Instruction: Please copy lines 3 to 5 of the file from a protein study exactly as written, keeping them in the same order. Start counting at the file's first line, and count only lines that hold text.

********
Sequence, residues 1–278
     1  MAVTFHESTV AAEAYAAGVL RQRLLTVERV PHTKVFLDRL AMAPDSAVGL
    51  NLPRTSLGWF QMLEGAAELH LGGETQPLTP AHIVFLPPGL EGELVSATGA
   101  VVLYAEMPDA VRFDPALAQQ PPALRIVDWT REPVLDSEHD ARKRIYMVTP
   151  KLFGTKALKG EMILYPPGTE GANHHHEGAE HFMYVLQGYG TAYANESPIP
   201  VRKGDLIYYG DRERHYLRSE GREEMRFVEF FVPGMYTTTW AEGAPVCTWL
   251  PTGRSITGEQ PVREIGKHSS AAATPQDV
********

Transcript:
    51  NLPRTSLGWF QMLEGAAELH LGGETQPLTP AHIVFLPPGL EGELVSATGA
   101  VVLYAEMPDA VRFDPALAQQ PPALRIVDWT REPVLDSEHD ARKRIYMVTP
   151  KLFGTKALKG EMILYPPGTE GANHHHEGAE HFMYVLQGYG TAYANESPIP